As the State of Texas continues to enjoy strong population growth, condominiums will continue to proliferate particularly in Texas’ largest cities. For subrogation professionals who occasionally see claims associated with condominium associations, it is helpful to have an understanding of the Texas Uniform Condominium Act (“UCA”) and how it may affect potential subrogation rights.
The UCA is codified in Chapter 82 of the Texas Property Code and applies to all condominiums in Texas for which the condominium declaration is recorded on or after January 1, 1994. However, if the declaration was recorded before January 1, 1994, the UCA may control if the unit owners vote to amend the pre-exiting declaration to have the UCA apply and that amendment is filed for record in the county where the condominium is located. Alternatively, the unit owners could record a declaration or amendment before January 1, 1994 stating that the UCA will apply in its entirety as of January 1, 1994.
Certain key provisions in the UCA will retroactively apply to all condominiums even if the declaration was recorded before January 1, 1994. These provisions include requirements that the condominium association purchase and maintain property and commercial general liability insurance where each unit owner is an insured person under the policy and the insurer waives its right of subrogation against each unit owner.
A cursory review of the UCA would lead one to the conclusion that pursuit of a unit owner by a subrogated condominium association insurer is pointless. However, this is not always the case. While the UCA provides that provisions related to insurance, additional insured status and waiver of subrogation apply even if the declaration was recorded before January 1, 1994, it also provides that such provisions cannot “invalidate existing provisions of the declarations, bylaws, or plats of a condominium for which the declaration was recorded before January 1, 1994.” What does this mean then for subrogation professionals?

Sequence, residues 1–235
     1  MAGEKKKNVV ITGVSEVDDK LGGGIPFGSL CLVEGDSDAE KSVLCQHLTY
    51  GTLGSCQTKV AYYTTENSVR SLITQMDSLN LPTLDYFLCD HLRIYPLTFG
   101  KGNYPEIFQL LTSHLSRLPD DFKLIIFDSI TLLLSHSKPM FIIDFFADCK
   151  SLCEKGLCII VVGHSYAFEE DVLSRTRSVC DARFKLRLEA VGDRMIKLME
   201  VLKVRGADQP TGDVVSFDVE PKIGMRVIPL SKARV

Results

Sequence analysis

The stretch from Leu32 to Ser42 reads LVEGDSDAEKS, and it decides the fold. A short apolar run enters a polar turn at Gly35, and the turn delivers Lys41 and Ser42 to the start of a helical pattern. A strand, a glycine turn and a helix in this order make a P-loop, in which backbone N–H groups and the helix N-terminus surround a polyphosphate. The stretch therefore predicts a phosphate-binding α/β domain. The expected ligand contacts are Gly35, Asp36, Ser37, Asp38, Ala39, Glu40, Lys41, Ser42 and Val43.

Essentially, this latter provision confirms that while requirements for insurance, additional insured status and waiver of subrogation will retroactively apply to condominiums formed before January 1, 1994, those provisions cannot contradict or invalidate what unit owners previously agreed to with respect to those issues. For example, if the unit owners agreed in a declaration filed before January 1, 1994 that a negligent unit owner and/or his or her tenant would be responsible for damage to all common elements of the condominium complex, this language would arguably control over the insurance provisions in the UCA since the UCA cannot “invalidate existing provisions of the declaration…recorded before January 1, 1994.”
In sum, if you are reviewing a potential subrogation claim against a unit owner where the condominium association is your insured, do not automatically assume that your subrogation rights are extinguished by the UCA. Instead, determine when the declaration was recorded and whether it was ever amended. If it was recorded before January 1, 1994 and never amended, pay particular attention to any provisions which address a unit owner’s potential liability/responsibility for property damage. If the declaration provides that unit owners are responsible for reimbursement of certain damages that were covered by the association’s property insurer, you may have a very good argument that the UCA does not necessarily invalidate your subrogation claim since the UCA cannot invalidate a property damage allocation scheme previously agreed upon by the unit owners.